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In his own 435-part way, he's traveling to see America

MINNEAPOLIS (AP) -- Cain Pence says his father gave him the unusual first name as a challenge: Here, overcome this; do something good and remarkable with your life and redeem this ancient name.

Geography helped set his course, too. Born 27 years ago in southeast Minneapolis, Pence grew up near the Mississippi River and often walked its banks, wondering where it went and whether people were different there.

But while other young people go to Europe for a year or join the Peace Corps for two years in Africa or laze away a summer boating up the Amazon, Pence's quest is to visit every congressional district in the United States.

Yes, congressional districts: all 435 of them, plus Guam and other territories. Call it a gerrymandered junket: If that's Whitey's Bar in East Grand Forks, this must be the Minnesota Seventh.

Pence says that he's tired and $10,000 in debt, but he's almost done. He has a few districts yet to visit in California and Hawaii, but he has pushed his 2000 Chevrolet Impala nearly 80,000 miles in four years and begged a bed and breakfast from everybody he's ever known -- and their sometimes surprised parents. He's wearing out his sixth copy of a U.S. road atlas.

"The idea came from reading 'The Almanac of American Politics,"' he said. "Everybody else sees it as a reference book, but I read it cover to cover and loved it for the little history lessons it has on all the districts.

"Then I thought, 'Why not use it as a tour guide?' People tell me I'm nuts all the time, but I think a lot of them are jealous."

He resolves to finish his quest this year -- if he can find cheap transport to Hawaii.

Pence earned a degree in government, political theory and classics at Georgetown University in Washington, D.C., where he discovered the politics almanac -- and his passion to see the country up close.

But why something so artificial as congressional districts? Characters on TV's "The West Wing" may toss around knowing references to the Louisiana Third and the New York 15th, but such designations are empty and colorless to most people. Who would sing, "I left my heart in the California Eighth"?

"A lot of people go in search of America, but they don't do it with much discipline," Pence said.

If they get to Dallas, they check off Texas, he said. But Texas is also border towns like El Paso, which are different from big cities like Houston or Gulf ports like Corpus Christi or the hill country of west Texas. The districts reflect the great diversity of Texas, and they do that for all of America, like a giant jigsaw puzzle with 435 parts.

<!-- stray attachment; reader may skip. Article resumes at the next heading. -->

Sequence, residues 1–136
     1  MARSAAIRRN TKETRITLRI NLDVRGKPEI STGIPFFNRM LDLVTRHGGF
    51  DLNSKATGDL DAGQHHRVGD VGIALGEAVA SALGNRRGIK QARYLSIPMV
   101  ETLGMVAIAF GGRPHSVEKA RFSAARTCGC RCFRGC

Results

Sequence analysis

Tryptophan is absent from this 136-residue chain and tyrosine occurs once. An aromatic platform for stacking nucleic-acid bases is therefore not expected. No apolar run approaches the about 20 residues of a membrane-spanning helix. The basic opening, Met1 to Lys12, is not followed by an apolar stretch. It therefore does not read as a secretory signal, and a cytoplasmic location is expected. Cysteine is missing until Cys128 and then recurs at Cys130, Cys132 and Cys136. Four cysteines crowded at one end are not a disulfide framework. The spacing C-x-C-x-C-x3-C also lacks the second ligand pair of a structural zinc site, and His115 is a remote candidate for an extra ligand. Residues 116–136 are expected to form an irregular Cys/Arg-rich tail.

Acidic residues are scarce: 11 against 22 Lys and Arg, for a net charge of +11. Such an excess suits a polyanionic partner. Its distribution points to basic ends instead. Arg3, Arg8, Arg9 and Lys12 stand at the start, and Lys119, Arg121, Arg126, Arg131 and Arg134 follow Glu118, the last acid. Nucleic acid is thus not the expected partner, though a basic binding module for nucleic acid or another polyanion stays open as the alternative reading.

"If you really want to understand the country, you have to go see it," he said. "You see how divided America still is by race and class. Some districts were drawn that way -- drawn to be safe Republican districts, white and suburban, or safe Democratic districts, mostly inner-city, poor, minorities."

In the 2,000-page almanac, published every two years, author Michael Barone profiles sitting governors and members of Congress and analyzes the people, voting history and other aspects of each congressional district. Early in his quest, Pence had lunch with Barone and received his blessing.

As he reaches a new district, Pence introduces himself to a few people -- ordinary working people -- and visits local landmarks: parks, mountain ranges and forests; cathedrals, universities and state capitols.

"They're free," he said.

At first, he traveled when he had vacation time, catching rides with friends who were bound somewhere new. But in that first 2 1/2 years, he reached only a third of the districts.

"I knew I'd never get done that way," he said.

Events nudged him to take up his quest full time. His mother died in 1999. He broke up with a girlfriend. His father remarried.

"The road is good therapy," he said.

Pence has worked temporary jobs here and there, but he relies primarily on friends, their relatives or complete strangers to get him fed, rested and fueled for the next stop.

His father approves.

"The idea of seeing the physical place is a very good way to understand your country," said David Pence, a radiation oncologist in Minneapolis and longtime social activist. "And the poorer you are when you travel -- the more you have to rely on fellow Americans to move you around -- the more you'll understand.

"As a dad, I'm a little concerned about him not having a full-time job. There's a line from Rudyard Kipling: 'If you can dream and not make dreams your master.' That's what I hope for Cain. But I think it's a great project."

Cain Pence has slept many nights in his car. He slept once on a Florida dock and once on a bench in a Kentucky park until a cop rousted him. He has subsisted for days on breakfast bars. In Cleveland, when he learned that the friend he was planning to stay with had just left on her honeymoon, he detoured to New York and Pennsylvania. When the newlyweds returned to Ohio, so did he.

"But if there were no adversity, no challenges, what kind of quest would it be?" he asks.

He keeps a journal of his travels and says he may try to write a book when he's done. He says he'll also look for work.

"I'd like to own a home someday," he said. "I'd like to get out of debt, settle down. I don't want to be a drifter all my life.

"But very few people understand how huge America is, how diverse, how divided and unified at the same time. This has given me something to be excited about -- something to be passionate about. It's been my own personal graduate school, and it's the best thing I've ever done."

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